Generally I feel that Auckland Transport (and ARTA before them) does a pretty poor job of marketing public transport in Auckland. They’re obviously not helped by key factors such as the vast variety of different bus companies, or the general lack of funding and neglect for the PT system up until recently, but there are clearly ways in which we could do things better. This article on “The Dirt” highlights the need for PT to be marketed better, if it’s to compete effectively against the vast amount of marketing undertaken by car manufacturers:
Worldwide advertising and marketing efforts among the automobile sector as a whole total $21 billion. General Motors alone spent $3.2 billion in one year. All these investments aimed at attracting new customers help increase car sales, but also boost congestion, carbon dioxide emissions, and air pollution, while working against broader public transportation use and more sustainable urban transportation systems. This is especially true in developing countries: Growing middle classes in these countries are increasingly drawn to car ownership. In Brazil, the number of privately-owned vehicles doubled to 2.6 million in 2010, and in India, there’s been a 20-fold increase.
To fight these trends, …public transportation systems must not forget about branding, marketing, and advertising and using smart, creative, cost-efficient campaigns targeted at increasing and maintaining ridership. Transit agencies must focus their efforts on how to “attract new users that currently use private transport, such as cars and motorcycles; retain existing public transport users who might feel compelled to buy a private vehicle; and secure political and financial support from government officials.”
The article is based around an excellent report prepared by EMBARQ, a transportation think tank. It makes some suggestions for how PT can be marketed better:
Transit agencies must focus their efforts on how to “attract new users that currently use private transport, such as cars and motorcycles; retain existing public transport users who might feel compelled to buy a private vehicle; and secure political and financial support from government officials.” EMBARQ’s report covers how to use tactics widely used in the private and non-profit sectors to focus on brand and identity; user education, information systems, and feedback tools, including online engagement; marketing campaigns; public relations; and internal and external communications. While public transport users determine whether to use a system based on its “reliability, frequent service, safety and cleanliness, service hours, and costs and structures,” public transport systems still need to do branding, marketing, and communications to increase and maintain ridership.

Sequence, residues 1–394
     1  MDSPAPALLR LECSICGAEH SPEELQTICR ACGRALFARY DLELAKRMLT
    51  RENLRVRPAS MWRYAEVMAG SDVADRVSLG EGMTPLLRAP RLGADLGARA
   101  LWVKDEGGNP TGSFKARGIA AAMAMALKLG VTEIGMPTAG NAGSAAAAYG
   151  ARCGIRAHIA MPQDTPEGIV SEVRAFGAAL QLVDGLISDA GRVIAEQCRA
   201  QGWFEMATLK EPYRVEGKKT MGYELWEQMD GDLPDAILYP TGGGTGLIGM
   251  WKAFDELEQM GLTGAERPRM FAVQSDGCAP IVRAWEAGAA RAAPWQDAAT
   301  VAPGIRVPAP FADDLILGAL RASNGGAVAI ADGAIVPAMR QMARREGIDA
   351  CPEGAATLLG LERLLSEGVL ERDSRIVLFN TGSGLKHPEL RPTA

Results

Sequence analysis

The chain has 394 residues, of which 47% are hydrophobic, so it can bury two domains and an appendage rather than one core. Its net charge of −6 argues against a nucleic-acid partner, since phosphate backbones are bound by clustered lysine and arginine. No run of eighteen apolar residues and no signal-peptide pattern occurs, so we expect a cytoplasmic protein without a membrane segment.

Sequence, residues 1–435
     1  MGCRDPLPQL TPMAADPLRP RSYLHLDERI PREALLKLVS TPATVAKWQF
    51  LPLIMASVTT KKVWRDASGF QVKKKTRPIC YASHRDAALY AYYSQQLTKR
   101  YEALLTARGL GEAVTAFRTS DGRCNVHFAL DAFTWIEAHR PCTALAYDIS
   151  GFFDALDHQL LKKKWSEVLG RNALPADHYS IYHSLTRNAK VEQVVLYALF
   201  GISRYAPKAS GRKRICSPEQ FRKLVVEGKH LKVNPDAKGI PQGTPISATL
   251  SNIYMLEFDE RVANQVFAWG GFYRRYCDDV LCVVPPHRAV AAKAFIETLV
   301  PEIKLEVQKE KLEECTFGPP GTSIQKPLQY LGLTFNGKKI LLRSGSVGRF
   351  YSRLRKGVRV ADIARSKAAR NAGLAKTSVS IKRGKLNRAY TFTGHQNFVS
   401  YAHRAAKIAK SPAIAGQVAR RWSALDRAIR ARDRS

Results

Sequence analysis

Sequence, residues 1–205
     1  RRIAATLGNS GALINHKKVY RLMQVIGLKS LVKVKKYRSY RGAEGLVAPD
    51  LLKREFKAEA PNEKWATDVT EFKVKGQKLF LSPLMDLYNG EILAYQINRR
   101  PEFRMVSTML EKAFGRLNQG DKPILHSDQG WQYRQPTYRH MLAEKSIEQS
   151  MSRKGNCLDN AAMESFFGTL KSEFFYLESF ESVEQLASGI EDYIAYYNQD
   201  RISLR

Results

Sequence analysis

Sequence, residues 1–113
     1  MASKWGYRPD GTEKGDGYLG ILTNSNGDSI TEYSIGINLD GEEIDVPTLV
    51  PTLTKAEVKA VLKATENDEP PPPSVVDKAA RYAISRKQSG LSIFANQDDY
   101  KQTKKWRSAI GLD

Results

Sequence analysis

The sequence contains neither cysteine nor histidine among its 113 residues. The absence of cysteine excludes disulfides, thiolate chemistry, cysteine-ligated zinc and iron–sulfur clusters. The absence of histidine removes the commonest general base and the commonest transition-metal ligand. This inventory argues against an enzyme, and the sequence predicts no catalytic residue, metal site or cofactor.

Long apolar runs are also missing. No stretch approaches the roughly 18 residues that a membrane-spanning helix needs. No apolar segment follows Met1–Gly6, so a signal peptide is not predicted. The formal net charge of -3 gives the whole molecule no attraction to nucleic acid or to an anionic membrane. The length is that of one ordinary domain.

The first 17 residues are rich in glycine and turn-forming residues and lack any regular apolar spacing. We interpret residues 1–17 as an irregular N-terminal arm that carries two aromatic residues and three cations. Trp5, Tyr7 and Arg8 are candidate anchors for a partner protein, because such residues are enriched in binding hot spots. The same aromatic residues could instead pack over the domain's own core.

On branding, EMBARQ says “to create a successful brand, then, a public transport system should start by defining its core values. Most public transport systems strive for a brand that clearly presents their services as modern, efficient, rapid, reliable, convenient, comfortable and safe.” The report further differentiates between different types of branding issues, from creating a new service to remedying issues with a highly unpopular service to unifying disparate services under one banner. They also advise against using some loaded, unpopular words: “Another way of avoiding the stigma often associated with traditional bus transport is to not use the term ‘bus’ in the new system’s name.”
It is extremely difficult to create an effective brand for public transport in Auckland. This is predominantly because all the buses are painted different colours – according to the company that operates them. It does not have to be this way, even if the buses are privately owned and operated. In London all the buses are red, even though a variety of different companies operate them and I think this is something that should be looked at once we have integrated ticketing up and running, when it no longer matters which company operates your bus. The branding of b.line bus services seemed to work quite well – promoting the service as ‘superior’ to your normal bus route – in terms of frequency, reliability and speed. That’s why it’s so surprising Auckland Transport hasn’t bothered to unroll any further b.line services since Mt Eden and Dominion Road routes went live this time last year.
Perhaps one of the most important elements of marketing a PT system is showing how easy it is to use. Our current bus maps scream “the system is too complicated for you to even consider using unless you’re a poor sucker without a car”. Compare that to the simple network map of Wellington – which helpfully distinguishes between all-day routes and peak-only ones and creates the look of a system that makes sense. Similarly, in Los Angeles there has been a real effort to highlight that the bus rapid transit service is more like a rail service than a typical bus route: It seems like a missed opportunity to not have the Northern Express service combined with the rail system in a “Rapid Transit Network” map – much as what’s shown in LA’s map above.
So, here are my ideas for ways in which Auckland could market its PT better:
- Simplify the bus route maps so that infrequent services are shown as dotted lines, to distinguish them from ‘core services’.
- Create a uniform look for all buses and trains in the region, with the only distinction being whether it’s part of the Rapid Transit Network (trains and Northern Busway), Quality Transit Network (b.line and Link bus route) or other services.
- Put the Northern Busway on the rail map and call it an RTN map.
- Highlight the speed of various bus/rail options where they are faster than driving (Eastern Line, Northern Busway, Dominion Road etc.) and market that.
- Use the HOP brand more – could it potentially be a replacement for MAXX?
What other ways could we market PT better in Auckland?